It turns out that ClimateGate - the wholesale mix-n-matching of massaged data followed by the shocking revelation that the raw data itself was destroyed in the 1980's - is not limited to the University of East Anglia Climate Research Unit but extends to Russian data utilized by the Hadley Center for Climate Change at the British Meteorological Office in Devon, England. Courtesy James Delingpole at the Telegraph.

Analysts say Russian meteorological stations cover most of the country’s territory, and that the Hadley Center had used data submitted by only 25% of such stations in its reports. Over 40% of Russian territory was not included in global-temperature calculations for some other reasons, rather than the lack of meteorological stations and observations.

The data of stations located in areas not listed in the Hadley Climate Research Unit Temperature UK (HadCRUT) survey often does not show any substantial warming in the late 20th century and the early 21st century.

So to prove that the planet is warming, "scientists" combed through the data, picked out those stations that showed a warming trend (and it appears that many of those readings were tainted by the location of instruments) and discarded those readings that showed a level or cooling trend. "Cherry-picking" may not be a strong enough term for such data-handling.

1.) The meagerness of man's contribution to greenhouse gases.

At 6% of total greenhouse gases generated (with Mother Nature, at 94%, picking up the slack), the entire proposition that man could have a role in the warming that may or may not actually be occurring becomes quizzical. Proponents of the theory, however, skip lightly over this fact and call for man to stop using fossil fuels - now! now! it's almost too late! In the absence of anything remotely like a realistic alternate fuel supply, however, this translates into a command to give up all quality of life advances of the last three hundred years: heat, electricity, transportation; most food, most employment, most merchantilism; a command, in short, to dive off a cliff for a completely unsubstantiated reason.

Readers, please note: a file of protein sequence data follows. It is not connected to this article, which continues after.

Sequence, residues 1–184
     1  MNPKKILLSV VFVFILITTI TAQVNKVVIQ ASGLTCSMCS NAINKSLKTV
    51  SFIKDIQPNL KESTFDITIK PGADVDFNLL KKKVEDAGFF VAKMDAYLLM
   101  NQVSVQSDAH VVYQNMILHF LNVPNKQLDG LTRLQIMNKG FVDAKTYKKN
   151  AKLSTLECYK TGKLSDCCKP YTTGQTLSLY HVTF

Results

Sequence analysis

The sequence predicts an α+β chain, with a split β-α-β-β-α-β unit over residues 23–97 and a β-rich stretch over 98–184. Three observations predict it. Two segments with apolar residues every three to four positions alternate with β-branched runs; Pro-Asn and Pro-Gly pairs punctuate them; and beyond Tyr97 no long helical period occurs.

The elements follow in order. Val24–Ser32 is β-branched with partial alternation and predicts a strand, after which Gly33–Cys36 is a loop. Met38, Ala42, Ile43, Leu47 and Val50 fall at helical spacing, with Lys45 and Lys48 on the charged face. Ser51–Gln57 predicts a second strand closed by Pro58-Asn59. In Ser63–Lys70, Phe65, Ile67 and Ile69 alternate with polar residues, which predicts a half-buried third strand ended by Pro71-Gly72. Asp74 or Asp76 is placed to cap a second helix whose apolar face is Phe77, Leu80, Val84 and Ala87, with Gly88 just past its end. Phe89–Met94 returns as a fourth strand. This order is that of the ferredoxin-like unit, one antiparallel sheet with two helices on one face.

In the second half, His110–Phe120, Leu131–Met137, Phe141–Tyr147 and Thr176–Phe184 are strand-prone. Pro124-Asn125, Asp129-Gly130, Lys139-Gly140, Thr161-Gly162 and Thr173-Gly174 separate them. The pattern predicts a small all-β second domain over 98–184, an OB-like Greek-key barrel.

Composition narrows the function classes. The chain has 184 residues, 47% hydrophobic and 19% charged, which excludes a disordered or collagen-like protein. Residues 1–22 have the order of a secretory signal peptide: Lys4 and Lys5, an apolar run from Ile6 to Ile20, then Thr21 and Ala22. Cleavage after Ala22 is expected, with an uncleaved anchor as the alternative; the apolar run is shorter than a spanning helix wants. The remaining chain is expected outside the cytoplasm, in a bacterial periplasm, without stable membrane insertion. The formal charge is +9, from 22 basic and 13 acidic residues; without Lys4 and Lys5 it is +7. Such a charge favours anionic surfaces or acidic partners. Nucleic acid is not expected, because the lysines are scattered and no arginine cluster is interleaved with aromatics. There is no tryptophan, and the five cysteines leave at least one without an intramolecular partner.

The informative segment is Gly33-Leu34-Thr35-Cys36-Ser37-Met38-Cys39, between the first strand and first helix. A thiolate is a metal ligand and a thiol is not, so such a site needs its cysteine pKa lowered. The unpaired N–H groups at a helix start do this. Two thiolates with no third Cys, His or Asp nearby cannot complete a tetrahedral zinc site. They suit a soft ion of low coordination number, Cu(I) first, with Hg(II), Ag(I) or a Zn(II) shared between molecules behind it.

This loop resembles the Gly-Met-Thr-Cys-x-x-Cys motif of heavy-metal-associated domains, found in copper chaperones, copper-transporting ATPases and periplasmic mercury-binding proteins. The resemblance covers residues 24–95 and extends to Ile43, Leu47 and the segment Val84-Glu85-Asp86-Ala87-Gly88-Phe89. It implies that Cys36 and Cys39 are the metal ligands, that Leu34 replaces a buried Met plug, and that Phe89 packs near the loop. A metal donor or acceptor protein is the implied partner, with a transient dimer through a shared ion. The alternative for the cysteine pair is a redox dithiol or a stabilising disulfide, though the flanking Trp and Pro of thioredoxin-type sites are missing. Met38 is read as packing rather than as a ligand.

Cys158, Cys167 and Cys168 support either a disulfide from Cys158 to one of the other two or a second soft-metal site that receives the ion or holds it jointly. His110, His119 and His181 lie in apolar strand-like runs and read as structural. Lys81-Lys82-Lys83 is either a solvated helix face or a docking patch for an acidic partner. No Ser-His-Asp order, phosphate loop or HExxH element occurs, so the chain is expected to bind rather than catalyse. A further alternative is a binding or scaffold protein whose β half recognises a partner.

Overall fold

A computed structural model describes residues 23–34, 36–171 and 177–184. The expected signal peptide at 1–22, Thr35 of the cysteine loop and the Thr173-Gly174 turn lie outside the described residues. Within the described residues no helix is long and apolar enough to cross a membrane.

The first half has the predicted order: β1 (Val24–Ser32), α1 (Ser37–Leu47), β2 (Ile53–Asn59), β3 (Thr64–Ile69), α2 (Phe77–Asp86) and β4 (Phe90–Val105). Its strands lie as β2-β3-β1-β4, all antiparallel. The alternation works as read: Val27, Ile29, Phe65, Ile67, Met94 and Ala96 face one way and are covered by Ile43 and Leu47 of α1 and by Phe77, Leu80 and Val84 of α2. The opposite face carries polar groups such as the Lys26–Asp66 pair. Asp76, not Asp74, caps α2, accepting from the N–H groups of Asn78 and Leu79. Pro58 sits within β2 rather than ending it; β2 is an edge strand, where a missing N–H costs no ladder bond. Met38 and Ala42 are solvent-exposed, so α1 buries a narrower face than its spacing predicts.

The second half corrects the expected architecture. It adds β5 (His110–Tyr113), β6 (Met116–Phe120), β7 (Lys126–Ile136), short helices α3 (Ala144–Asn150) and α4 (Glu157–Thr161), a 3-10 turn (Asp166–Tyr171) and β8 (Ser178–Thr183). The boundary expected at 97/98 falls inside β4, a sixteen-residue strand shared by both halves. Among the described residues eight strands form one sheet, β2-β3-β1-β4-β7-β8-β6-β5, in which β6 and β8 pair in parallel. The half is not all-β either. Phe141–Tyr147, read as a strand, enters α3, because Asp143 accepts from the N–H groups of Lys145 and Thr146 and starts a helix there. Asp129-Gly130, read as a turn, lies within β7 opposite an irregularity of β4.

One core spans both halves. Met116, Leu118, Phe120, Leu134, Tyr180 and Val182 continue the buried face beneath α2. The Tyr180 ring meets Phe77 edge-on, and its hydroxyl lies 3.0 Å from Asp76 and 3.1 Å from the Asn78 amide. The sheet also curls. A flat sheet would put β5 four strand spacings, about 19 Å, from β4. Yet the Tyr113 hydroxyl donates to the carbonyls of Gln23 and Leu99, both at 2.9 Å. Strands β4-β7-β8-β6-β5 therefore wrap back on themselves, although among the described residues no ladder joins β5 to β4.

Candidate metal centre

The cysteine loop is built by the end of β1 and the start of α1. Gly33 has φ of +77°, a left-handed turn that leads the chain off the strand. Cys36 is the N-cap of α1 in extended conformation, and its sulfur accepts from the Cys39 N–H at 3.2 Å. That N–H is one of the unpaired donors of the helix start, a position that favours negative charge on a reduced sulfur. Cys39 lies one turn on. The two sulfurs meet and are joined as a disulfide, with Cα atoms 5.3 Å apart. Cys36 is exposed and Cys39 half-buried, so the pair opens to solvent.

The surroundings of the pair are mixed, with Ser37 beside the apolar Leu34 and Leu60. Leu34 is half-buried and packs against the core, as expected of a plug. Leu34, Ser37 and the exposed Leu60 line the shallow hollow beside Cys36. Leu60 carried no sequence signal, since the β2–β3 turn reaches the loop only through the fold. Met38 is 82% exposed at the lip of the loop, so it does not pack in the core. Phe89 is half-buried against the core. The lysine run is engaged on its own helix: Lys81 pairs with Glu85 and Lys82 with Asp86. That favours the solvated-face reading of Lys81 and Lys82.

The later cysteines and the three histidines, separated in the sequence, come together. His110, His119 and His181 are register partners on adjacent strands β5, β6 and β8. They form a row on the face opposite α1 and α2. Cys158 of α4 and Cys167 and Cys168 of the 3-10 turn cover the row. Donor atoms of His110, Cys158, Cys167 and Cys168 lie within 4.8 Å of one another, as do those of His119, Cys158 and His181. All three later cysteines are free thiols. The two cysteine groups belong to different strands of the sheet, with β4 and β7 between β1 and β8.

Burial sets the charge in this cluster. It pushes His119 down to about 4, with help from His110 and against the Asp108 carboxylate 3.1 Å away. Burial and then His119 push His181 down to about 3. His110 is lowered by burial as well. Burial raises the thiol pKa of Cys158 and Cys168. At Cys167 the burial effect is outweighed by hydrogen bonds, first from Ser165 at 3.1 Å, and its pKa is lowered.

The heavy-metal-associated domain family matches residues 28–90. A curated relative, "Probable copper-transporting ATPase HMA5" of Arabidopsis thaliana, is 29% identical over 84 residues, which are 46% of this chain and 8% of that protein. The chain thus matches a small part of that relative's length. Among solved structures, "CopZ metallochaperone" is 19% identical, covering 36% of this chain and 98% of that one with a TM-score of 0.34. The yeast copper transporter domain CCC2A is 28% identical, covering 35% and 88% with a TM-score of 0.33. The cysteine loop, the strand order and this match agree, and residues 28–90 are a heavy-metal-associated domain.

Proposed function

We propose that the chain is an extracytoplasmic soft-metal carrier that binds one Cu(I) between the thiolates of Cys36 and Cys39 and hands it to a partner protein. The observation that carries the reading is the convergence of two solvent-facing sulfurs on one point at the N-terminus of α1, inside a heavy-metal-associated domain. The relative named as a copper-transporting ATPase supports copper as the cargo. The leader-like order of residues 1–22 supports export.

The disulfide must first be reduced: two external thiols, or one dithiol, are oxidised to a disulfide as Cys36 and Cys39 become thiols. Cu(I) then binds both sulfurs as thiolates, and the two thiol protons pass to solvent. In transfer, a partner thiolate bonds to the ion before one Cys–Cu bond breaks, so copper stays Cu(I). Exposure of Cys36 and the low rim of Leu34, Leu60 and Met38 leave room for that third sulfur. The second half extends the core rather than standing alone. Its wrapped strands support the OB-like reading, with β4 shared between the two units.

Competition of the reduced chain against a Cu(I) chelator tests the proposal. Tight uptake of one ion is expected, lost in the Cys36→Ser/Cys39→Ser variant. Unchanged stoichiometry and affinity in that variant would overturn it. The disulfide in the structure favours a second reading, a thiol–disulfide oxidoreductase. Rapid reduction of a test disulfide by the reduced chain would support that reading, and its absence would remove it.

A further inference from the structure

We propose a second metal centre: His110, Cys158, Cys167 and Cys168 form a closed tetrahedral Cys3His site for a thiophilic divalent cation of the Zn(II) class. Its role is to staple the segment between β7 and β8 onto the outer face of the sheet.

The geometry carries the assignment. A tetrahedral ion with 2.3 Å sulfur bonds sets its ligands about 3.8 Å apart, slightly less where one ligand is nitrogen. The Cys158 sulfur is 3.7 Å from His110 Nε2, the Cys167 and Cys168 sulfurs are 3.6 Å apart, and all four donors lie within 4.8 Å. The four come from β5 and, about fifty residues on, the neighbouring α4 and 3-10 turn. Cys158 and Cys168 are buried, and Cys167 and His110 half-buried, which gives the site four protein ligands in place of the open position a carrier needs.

Let me whole-heartedly echo Chris Mooney's call for scientists to speak up. Let the scientists come forth. Let there be an end to the finicky selecting of data and a return to the scientific method.

Re: Is a New Way for Labor to Limit the Options

Justin Katz

Turning on my home computer after a weekend on the road, I was relieved and concerned to see the legislative bomb that Andrew has spotted. Relieved that we've come across this in time to shine some light. Concerned because I recall glancing at these bills back when they were on the agenda and making the conscious determination that I didn't have time to sort through them for pluses and minuses; the reform movement, in Rhode Island, really has to find some way to finance folks who'll take it upon themselves to comb proposed laws for this sort of thing.

Having reviewed the language, I'd add one more reason that legislators who refuse to let the veto stand should face a heavy political cost. Note this language in the House version:

... School district employees whose collective bargaining agreements expire on or after July 1, 2010 shall, upon expiration of such collective bargaining agreements, receive benefit plans authorized in accordance with chapter 27-72. ...

Upon implementation of the uniform health care benefit plan designs or at such other time as specified herein or as specified in sections 28-9-3.2 and 28-9.4-3, all public school districts and charter schools shall implement one or more benefit plan design(s) authorized in accordance with this chapter.

Not only does this law place any healthcare benefits in the hands of a union-dominated board accountable only to union members, it mandates that schools must offer them. Whether there's a feasible public or private alternative or schools just can't afford healthcare benefits anymore, they'll have to provide them. And not only union schools, but charter schools, as well. Once again, the sinking ship of state reveals the rats trying to shore up all that they can, rather than helping to keep the vessel afloat.